• $\begingroup$ I tried explaining it in the post. First decide what order to throw the balls. For each of the six initial orderings you can choose there are eight possible final outcomes. For instance, if you start with the ordering $ABC$, then you can get $|ABC, A|BC, B|AC, C|AB, AB|C, AC|B, BC|A, ABC$. Each of those are equally likely. However, while $|ABC$ and $ABC|$ can only come about from the initial ordering $ABC$, all the others can come about form two other orderings. For instance, $AB|C$ is also a possible result if you chose the initial ordering $ACB$, or if you chose $CAB$. $\endgroup$ – Arthur Sep 20 '17 at 12:13
  • $\begingroup$ $AB|C$ is therefore three times as likely as $ABC|$ in the end. There are three of the six initial orderings that give you a shot at getting $AB|C$, while there is only one that gives you a shot at getting $ABC|$. $\endgroup$ – Arthur Sep 20 '17 at 12:15
  • $\begingroup$ I understand now. It happens because for $AB|C$ , $C$ can go into box $II$ before $A$, in-between $A$, $B$, or after $B$. $\endgroup$ – Hrit Roy Sep 20 '17 at 14:12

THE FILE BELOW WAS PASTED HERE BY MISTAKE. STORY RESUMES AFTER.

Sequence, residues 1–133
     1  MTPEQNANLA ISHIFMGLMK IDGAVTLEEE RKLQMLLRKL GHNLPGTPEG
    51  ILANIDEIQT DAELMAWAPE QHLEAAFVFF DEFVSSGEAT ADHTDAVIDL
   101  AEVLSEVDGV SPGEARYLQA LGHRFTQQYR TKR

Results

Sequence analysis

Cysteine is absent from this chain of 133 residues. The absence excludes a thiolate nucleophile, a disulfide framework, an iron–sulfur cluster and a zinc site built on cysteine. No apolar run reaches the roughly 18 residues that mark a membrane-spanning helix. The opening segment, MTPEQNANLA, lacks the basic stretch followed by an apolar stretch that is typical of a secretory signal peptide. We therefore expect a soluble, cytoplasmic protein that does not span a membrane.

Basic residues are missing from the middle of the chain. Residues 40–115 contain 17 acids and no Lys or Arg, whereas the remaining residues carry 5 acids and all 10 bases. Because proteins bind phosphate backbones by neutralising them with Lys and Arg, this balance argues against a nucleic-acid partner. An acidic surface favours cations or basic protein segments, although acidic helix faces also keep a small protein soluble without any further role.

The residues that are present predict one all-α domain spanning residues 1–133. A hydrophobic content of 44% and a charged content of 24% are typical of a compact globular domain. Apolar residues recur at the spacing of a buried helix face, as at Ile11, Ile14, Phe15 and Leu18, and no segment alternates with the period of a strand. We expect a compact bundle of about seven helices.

• 1
    $\begingroup$ @HritRoy Exactly. Which approach is "correct" depends on whether you label the balls before or after you line them up. If you line them up and then put the name $A$ on the first, $B$ on the second and $C$ on the third, then the first approach is what you get. If you put names on the balls first, and then line them up, the second approach is the easiest. $\endgroup$ – Arthur Sep 20 '17 at 14:20

To begin with, your problem statement is really, "When three balls ($A,B,C$) are distributed into two boxes ($I,II$), what is the probability that box $I$ contains exactly one ball?"